Pavlo’s mother recently went to Krasnodar in the hope of seeing her son, at very least during the court hearing on extending his detention. She was taken away by the investigators who tried to put psychological pressure on her so that she would provide information about her son. She refused to speak with them, and they punished her by preventing her from visiting Pavlo, or even from going to the court hearing.
Pavlo Hryb is a first-year student in the Philosophy Faculty of the Kyiv-Mohyla Academy. The19-year-old disappeared on August 24, after going to Gomel, in Belarus to meet a 17-year-old Russian girl from Krasnodar whom he had met on the Internet. His father sounded the alarm almost immediately, although Russia’s FSB took 13 days to admit that the young man was in Russian custody in a Krasnodar SIZO [remand prison]. Russia has since fiddled the date, claiming that the young man was ‘arrested’ in Russia’s Smolensk on August 25. It came up with a similarly implausible story to explain how Ukrainian MP and former military pilot, Nadiya Savchenko, had been taken by force to Russia.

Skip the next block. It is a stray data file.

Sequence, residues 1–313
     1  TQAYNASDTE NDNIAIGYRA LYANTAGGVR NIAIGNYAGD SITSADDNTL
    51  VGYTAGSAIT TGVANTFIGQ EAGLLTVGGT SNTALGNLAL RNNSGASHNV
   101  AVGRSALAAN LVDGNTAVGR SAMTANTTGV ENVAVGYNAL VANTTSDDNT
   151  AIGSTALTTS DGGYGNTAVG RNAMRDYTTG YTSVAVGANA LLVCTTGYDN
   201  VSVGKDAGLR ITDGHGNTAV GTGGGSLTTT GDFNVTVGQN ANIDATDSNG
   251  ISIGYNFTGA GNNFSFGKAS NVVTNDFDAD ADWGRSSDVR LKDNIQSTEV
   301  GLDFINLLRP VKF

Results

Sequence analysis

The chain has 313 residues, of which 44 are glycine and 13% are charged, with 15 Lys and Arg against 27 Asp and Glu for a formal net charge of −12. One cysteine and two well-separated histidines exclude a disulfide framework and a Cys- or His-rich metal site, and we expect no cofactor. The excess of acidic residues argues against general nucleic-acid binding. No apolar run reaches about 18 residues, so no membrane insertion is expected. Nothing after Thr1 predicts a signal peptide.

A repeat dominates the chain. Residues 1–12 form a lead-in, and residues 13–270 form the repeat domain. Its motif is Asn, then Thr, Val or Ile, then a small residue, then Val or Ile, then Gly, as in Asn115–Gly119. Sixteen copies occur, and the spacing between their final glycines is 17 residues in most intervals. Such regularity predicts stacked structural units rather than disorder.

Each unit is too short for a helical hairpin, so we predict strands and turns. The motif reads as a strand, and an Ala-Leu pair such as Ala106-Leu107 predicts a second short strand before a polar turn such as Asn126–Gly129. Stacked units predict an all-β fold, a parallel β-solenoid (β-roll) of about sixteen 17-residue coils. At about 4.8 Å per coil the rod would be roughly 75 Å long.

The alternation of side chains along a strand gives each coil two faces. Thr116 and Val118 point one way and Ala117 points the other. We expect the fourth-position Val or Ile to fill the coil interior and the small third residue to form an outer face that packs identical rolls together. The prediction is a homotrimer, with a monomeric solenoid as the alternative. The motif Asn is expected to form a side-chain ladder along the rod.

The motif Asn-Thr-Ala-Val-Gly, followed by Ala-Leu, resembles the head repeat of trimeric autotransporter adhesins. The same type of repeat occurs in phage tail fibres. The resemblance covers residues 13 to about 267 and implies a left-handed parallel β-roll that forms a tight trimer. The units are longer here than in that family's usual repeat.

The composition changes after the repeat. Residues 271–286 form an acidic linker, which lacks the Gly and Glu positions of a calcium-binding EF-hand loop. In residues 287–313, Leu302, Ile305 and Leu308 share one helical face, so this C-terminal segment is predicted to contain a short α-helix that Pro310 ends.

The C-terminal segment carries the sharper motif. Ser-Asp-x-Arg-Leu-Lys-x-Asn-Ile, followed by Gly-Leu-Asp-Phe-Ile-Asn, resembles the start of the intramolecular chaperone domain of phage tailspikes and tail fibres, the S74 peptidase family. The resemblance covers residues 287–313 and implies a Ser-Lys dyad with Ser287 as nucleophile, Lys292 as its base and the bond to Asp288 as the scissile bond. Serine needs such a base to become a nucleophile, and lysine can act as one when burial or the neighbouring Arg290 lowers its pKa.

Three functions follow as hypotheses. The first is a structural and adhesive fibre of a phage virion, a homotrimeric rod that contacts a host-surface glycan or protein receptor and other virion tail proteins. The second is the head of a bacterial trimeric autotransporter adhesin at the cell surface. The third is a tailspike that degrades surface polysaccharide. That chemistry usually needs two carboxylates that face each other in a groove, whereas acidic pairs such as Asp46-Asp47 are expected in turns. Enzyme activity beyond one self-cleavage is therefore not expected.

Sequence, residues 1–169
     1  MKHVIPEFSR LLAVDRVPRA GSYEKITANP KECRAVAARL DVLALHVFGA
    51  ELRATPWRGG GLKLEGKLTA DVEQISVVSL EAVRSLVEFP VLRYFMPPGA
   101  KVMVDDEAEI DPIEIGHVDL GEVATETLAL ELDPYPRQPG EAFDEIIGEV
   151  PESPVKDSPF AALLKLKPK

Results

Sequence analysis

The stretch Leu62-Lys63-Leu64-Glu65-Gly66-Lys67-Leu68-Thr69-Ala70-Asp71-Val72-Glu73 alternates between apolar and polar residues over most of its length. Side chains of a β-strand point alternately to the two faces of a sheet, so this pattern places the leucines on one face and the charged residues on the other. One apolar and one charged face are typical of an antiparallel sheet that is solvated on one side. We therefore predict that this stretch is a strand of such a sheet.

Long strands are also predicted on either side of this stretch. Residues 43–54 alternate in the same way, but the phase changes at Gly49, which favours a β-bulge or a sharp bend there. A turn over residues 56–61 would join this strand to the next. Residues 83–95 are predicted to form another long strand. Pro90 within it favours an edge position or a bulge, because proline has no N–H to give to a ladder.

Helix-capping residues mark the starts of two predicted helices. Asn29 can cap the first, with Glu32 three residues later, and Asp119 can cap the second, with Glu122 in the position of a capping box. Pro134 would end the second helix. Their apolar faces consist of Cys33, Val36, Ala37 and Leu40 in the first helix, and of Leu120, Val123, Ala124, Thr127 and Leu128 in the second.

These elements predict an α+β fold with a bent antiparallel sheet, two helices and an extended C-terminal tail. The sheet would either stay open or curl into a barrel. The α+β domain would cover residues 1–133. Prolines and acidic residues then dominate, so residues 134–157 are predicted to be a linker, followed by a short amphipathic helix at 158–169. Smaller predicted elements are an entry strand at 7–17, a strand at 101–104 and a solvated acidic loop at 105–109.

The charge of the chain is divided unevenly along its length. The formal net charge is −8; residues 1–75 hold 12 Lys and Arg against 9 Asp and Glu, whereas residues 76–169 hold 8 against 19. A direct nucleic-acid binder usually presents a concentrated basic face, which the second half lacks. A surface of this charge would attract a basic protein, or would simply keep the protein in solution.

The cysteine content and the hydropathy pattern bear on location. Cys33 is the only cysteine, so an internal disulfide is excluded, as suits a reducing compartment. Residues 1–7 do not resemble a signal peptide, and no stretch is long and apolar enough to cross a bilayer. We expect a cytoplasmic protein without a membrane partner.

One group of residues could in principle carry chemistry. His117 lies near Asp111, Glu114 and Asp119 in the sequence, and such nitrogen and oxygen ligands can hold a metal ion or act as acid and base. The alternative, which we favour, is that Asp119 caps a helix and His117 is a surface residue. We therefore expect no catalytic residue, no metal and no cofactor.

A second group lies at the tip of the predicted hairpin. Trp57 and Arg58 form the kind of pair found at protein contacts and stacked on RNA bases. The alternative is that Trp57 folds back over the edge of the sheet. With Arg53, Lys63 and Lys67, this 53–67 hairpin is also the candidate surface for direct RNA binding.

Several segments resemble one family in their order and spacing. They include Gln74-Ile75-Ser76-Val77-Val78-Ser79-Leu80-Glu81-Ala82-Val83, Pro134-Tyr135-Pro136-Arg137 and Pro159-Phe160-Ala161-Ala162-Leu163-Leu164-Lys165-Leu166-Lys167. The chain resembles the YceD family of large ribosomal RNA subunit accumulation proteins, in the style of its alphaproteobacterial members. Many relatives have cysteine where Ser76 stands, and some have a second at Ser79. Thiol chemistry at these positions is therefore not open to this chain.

Unfortunately, Ihor Hryb is not alone in assuming that the Belarusian KGB helped their Russian counterparts abduct the young man. Had Pavlo really been on the international wanted list, he should have been detained at the Ukrainian – Belarusian border, with proper procedure needed to be set in motion. Instead, he passed into Belarus with no difficulty, and was seized by unidentified individuals who pushed him into a car. He could not have crossed from Belarus into Russia without the Belarusian side being at least aware what was happening, since this was assuredly against the young Ukrainian’s will.
The young woman, who was at the time of the correspondence, underage, told Ukrainian journalists after it became clear that Pavlo had been abducted, that she had been threatened with prosecution herself by the FSB if she didn’t cooperate by tricking Hryb.